to point out, with a view to their removal, any matters which are producing or have a tendency to produce feelings of ill-will and enmity between different classes of the population of The Bahamas:

Provided that, in determining whether the intention with which any act was done, any words were spoken, or any document was published, was or was not seditious, every person shall be deemed to intend the consequences which would naturally follow from his conduct at the time and under the circumstances in which he so conducted himself.

396. (1) Any person who-

Sedition offences.

(a)
does or attempts to do, or makes any preparation to do, or conspires with any person to do, any act with a seditious intention;
(b)
utters any seditious words;
(c)
prints, publishes, sells, offers for sale, distributes or reproduces any seditious publication;
(d)
imports any seditious publication, unless he has no reason to believe that it is seditious,

shall be guilty of an offence and liable for a first offence to imprisonment for two years or to a fine of one thousand dollars or to both such imprisonment and fine, and for a subsequent offence to imprisonment for three years; and any seditious publication shall be forfeited to Her Majesty.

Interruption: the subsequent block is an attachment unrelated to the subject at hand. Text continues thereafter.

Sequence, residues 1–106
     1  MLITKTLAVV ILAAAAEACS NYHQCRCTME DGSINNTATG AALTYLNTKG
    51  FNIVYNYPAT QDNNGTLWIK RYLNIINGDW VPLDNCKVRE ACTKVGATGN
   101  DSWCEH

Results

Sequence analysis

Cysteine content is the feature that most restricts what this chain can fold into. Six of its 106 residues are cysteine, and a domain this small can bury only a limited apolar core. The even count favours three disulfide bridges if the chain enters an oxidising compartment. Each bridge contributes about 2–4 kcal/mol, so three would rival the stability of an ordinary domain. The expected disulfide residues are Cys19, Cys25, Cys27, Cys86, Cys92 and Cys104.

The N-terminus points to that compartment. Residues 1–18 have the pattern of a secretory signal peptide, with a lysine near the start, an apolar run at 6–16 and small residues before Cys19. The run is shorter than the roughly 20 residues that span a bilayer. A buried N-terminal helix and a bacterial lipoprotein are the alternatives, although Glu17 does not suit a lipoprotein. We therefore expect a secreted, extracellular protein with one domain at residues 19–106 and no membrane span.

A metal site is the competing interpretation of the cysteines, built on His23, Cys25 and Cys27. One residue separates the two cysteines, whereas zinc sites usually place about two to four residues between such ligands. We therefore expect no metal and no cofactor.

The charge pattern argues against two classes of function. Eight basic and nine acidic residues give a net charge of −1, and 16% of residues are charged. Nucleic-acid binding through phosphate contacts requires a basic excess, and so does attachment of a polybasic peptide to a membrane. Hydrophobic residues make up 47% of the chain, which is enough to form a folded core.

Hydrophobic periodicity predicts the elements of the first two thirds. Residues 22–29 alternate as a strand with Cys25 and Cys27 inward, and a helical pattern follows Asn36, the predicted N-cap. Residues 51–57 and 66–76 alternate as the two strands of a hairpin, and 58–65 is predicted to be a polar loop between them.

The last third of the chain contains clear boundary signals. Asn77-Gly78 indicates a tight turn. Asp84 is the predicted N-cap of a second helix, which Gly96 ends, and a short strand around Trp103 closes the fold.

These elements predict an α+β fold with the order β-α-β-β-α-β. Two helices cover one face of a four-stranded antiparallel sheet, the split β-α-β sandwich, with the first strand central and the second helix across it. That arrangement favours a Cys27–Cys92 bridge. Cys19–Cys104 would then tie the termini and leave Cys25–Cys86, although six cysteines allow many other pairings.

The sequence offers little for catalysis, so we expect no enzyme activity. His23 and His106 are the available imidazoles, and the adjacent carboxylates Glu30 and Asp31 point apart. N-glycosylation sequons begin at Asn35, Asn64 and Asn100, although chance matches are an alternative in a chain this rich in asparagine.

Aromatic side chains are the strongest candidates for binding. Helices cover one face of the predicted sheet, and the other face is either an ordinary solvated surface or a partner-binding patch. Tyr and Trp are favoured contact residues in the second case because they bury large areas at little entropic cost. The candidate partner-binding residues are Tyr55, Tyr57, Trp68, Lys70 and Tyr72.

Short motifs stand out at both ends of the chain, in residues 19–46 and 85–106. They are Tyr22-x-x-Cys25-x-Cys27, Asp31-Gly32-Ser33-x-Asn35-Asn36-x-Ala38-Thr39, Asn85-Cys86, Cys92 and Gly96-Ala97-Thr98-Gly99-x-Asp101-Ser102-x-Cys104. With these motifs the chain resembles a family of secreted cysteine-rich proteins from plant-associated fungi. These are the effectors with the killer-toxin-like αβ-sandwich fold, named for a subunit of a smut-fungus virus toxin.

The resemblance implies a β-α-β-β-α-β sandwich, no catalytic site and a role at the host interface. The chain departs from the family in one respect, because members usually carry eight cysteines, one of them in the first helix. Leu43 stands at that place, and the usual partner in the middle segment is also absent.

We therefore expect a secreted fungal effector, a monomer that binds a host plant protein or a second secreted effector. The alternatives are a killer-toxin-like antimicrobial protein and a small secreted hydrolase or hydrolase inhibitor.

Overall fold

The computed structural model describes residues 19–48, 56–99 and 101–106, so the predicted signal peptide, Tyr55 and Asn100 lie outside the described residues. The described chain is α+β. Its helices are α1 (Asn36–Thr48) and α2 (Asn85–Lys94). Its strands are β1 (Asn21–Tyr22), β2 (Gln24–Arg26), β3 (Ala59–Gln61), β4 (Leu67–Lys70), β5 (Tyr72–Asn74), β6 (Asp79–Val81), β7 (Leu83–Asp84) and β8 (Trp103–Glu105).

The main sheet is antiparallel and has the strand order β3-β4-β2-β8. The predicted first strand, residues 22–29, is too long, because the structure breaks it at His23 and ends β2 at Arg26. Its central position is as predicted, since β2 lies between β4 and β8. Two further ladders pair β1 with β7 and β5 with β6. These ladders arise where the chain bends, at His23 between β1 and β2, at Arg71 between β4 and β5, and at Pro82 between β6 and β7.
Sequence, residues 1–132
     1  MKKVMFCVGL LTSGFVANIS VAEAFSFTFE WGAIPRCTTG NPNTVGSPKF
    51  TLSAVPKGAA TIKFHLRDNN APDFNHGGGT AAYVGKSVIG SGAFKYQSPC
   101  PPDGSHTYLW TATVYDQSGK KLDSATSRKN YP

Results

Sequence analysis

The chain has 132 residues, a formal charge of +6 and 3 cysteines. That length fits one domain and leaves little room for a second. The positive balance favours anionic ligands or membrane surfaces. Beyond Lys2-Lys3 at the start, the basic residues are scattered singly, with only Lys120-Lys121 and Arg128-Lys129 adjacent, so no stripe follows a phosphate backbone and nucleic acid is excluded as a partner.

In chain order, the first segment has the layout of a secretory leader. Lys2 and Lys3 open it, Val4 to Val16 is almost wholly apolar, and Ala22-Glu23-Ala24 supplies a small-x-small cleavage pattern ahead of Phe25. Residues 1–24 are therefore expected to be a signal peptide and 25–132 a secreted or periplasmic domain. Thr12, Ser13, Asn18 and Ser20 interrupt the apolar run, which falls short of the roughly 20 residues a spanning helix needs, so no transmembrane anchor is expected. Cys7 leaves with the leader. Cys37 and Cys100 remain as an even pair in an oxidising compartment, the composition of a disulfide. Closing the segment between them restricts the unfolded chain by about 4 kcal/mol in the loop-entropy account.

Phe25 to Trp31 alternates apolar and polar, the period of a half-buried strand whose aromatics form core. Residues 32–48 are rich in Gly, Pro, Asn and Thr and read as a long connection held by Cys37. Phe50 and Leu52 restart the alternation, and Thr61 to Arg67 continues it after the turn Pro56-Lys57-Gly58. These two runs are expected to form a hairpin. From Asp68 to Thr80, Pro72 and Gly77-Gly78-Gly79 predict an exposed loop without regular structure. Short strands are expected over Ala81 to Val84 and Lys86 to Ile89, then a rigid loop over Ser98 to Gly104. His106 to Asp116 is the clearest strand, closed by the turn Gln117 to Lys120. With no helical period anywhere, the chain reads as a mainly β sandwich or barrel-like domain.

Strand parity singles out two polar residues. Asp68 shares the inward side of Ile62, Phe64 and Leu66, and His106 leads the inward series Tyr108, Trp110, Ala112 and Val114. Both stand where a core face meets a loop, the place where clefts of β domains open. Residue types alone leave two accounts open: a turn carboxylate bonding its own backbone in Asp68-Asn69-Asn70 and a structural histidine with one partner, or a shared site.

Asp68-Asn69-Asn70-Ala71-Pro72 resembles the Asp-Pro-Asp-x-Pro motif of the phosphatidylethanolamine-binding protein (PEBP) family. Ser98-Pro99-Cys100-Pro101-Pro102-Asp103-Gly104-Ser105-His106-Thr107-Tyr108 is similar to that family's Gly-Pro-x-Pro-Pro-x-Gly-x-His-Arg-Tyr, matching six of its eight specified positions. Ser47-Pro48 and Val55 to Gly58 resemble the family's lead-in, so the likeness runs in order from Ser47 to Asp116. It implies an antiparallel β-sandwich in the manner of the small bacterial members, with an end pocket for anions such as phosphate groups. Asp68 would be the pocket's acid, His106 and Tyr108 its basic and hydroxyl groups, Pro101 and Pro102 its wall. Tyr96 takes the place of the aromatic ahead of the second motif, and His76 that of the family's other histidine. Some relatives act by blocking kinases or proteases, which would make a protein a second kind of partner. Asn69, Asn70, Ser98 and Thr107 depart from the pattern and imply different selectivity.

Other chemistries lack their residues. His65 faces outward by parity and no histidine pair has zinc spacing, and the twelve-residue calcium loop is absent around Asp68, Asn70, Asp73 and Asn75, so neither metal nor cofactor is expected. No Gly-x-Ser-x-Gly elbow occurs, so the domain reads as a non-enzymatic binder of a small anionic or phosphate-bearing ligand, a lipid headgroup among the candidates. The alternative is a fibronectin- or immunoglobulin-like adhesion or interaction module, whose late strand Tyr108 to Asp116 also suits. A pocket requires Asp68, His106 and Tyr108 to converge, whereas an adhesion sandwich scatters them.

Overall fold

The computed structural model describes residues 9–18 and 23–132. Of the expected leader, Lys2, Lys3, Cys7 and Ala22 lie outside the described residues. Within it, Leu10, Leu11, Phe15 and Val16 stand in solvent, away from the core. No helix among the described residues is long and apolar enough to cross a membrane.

(2) Any person who without lawful excuse has in his possession any seditious publication shall be guilty of an offence and liable for a first offence to imprisonment for one year or to a fine of five hundred dollars or to both such imprisonment and fine, and for a subsequent offence to imprisonment for two years; and such publication shall be forfeited to Her Majesty.

(3) No prosecution for an offence under subsection (1) or (2) of this section shall be begun except within six months after the offence is committed.

(4) A person shall not be prosecuted for an offence in contravention of subsection (1) or (2) of this section without the written consent of the Attorney-General.

(5) No person shall be convicted of an offence under subsection (1) or (2) of this section on the uncorroborated testimony of one witness.

397. (1) If the Governor-General is of opinion that the importation of any publication or of the publications of any particular agency or institution would be contrary to the public interest he may, by Order, prohibit the importation of such publication or publications; and in the case of a periodical publication he may, by the same or a subsequent Order, prohibit the importation of any past or future issue thereof.

Power to prohibit the importation of publication.

(2) Any person who imports, publishes, sells, offers for sale, distributes, or reproduces any publication, the importation of which has been prohibited under subsection (1) of this section, or any extract therefrom, shall be guilty of an offence and liable, for a first offence to imprisonment for two years or to a fine of one thousand dollars or to both such imprisonment and fine, and for a subsequent offence to imprisonment for three years; and such publication or extract therefrom shall be forfeited to Her Majesty.